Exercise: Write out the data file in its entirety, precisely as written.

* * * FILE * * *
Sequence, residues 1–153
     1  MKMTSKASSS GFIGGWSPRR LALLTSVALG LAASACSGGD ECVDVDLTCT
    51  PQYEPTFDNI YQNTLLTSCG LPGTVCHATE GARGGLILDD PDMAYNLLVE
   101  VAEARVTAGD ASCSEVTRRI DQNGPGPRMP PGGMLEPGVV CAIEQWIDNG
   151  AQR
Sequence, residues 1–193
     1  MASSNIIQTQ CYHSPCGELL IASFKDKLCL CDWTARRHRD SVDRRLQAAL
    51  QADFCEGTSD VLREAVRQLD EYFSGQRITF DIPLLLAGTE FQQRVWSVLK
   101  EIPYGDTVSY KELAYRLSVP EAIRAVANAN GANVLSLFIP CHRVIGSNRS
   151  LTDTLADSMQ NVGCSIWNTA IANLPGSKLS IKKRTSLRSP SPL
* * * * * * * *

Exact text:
Sequence, residues 1–153
     1  MKMTSKASSS GFIGGWSPRR LALLTSVALG LAASACSGGD ECVDVDLTCT
    51  PQYEPTFDNI YQNTLLTSCG LPGTVCHATE GARGGLILDD PDMAYNLLVE
   101  VAEARVTAGD ASCSEVTRRI DQNGPGPRMP PGGMLEPGVV CAIEQWIDNG
   151  AQR
Sequence, residues 1–193
     1  MASSNIIQTQ CYHSPCGELL IASFKDKLCL CDWTARRHRD SVDRRLQAAL
    51  QADFCEGTSD VLREAVRQLD EYFSGQRITF DIPLLLAGTE FQQRVWSVLK
   101  EIPYGDTVSY KELAYRLSVP EAIRAVANAN GANVLSLFIP CHRVIGSNRS
   151  LTDTLADSMQ NVGCSIWNTA IANLPGSKLS IKKRTSLRSP SPL